Memories form

A further theory is that memories formed as an infant decay very rapidly, and over time we may not be able to retrieve memories as they are no longer there fully. As an infant we are constantly learning new ideas, and so many things happen so quickly. Consequently the memories we have formed within the first few years of our lives may decay as they are not needed and not recalled. However it could also be for the same reasons that the memories are put deep inside the long-term memory and cannot be found easily.

Furthering this theory is that we can create schemas and scripts for events for example birthdays and Christmas. So the memories formed in infancy may make up part of the schemas, and we can’t differentiate between the actual event and the script we have for those types of events. Therefore unless we had a very big life changing events during infancy it would be unlikely that we remember any of the details of a specific event. Nevertheless if this were true, similar to the problem with Freud’s Yet as adults we can still remember events from when we were younger, and they don’t have to be huge traumatic events, overall disproving this as a theory for infant amnesia

From the evidence shown above, it can be seen that infantile amnesia can be split into two main areas of explanation, storage problems or retrieval problems. Storage problems include sense of self problems, researched by Howe and Courage. These problems stick to the idea that an infant’s brain is not fully formed, so they don’t have the abilities needed to produce memories, or if they can be formed they can’t be retained.

The second area focusing on retrieval looks at problems such language acquisition, discussed by Schactel. Where we do form memories but as we haven’t yet learned language the memories formed are stored at a different format which we can’t retrieve now we can use language. Both areas have much research within them to try and explain why we get infantile amnesia. However no one conclusion as to exactly why we can’t remember events from our early childhood has been discovered.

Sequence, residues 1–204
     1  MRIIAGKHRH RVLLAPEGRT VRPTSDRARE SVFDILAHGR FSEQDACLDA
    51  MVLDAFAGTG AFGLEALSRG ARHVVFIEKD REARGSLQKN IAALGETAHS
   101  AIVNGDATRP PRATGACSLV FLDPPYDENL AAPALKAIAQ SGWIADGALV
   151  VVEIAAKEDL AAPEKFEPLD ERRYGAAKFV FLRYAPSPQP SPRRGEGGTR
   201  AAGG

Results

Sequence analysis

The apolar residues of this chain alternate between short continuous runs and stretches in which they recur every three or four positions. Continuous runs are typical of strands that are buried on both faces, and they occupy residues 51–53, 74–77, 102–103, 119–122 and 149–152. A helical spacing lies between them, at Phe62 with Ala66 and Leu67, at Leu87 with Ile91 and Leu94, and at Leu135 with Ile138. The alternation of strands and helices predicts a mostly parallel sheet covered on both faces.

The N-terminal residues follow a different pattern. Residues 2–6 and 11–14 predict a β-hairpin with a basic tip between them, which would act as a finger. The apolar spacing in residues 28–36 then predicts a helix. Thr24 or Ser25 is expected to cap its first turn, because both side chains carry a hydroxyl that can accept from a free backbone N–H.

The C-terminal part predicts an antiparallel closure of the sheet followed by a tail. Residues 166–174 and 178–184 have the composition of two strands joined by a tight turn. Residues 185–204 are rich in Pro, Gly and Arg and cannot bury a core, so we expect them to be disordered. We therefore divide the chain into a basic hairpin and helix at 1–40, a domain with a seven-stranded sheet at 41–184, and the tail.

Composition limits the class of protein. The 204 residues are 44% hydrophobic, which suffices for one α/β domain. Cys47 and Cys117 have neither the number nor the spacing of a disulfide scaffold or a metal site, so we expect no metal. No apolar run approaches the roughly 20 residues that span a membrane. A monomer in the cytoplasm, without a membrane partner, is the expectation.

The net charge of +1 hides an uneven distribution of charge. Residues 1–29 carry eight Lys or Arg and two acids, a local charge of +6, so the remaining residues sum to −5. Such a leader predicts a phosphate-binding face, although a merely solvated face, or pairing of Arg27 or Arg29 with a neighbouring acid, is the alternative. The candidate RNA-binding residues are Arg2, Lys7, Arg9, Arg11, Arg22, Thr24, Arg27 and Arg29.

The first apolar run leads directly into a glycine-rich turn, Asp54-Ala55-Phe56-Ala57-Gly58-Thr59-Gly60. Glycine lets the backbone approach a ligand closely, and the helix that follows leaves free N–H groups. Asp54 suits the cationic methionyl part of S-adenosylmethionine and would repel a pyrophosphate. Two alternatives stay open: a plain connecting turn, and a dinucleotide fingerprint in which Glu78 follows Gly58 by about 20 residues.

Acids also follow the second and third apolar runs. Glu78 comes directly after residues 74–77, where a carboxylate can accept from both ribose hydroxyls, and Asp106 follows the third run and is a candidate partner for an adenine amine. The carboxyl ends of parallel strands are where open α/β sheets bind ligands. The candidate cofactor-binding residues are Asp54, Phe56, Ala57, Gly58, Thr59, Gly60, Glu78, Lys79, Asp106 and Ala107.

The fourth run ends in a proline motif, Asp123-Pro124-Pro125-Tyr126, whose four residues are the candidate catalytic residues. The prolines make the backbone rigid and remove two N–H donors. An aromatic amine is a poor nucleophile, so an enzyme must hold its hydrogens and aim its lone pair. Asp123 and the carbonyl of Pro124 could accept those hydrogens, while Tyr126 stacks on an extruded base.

The theory that it is due to brain constraints seems to be most advanced. With not just the constraint of language skills but other brain constraints of an infant being including. For example the fact they are taking on so much at that age and learning so many new things, that not all experiences are put into long-term memory. And even if they are they may have decayed over time as they haven’t been used. These ideas don’t appear to have big faults like that with Freud’s theory, and seem to be contained to the ages which infantile amnesia occurs.

These ideas also take into account for the fact that some people are able to remember things from before the age of 2-3 years. As each child’s brain would develop at different ages, some peoples would develop earlier so they would possible be able to remember earlier events. Overall the most plausible explanation for infantile amnesia seems to be that of retrieval problems. As it gives a good explanation of memories and it is most likely that we do form memories we just can’t access them due to brain inhibitors. It is not just one particular theory but the over-riding area of the lack of ability to retrieve which seems the most prominent in the field.


Davey, G, (2004) Complete Psychology, Hodder and Stoughton

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Kihlstrom, J, Harackiewicz, J. (1982) The earliest recollection: A new survey. Journal of Personality 50, 134.

Meltzoff, A. N. (1995), Long -term infant recall. Journal of Experimental Child Psychology, 59, 497-515.

Perlmutter, M. (1986) A life-span view of memory. In P.B Baltes, D.L, Featherman and R, M Learner (Eds) Life-span development and behaviour (7) Hillside, NJ: Lawrence Erlbaum Associates, Inc

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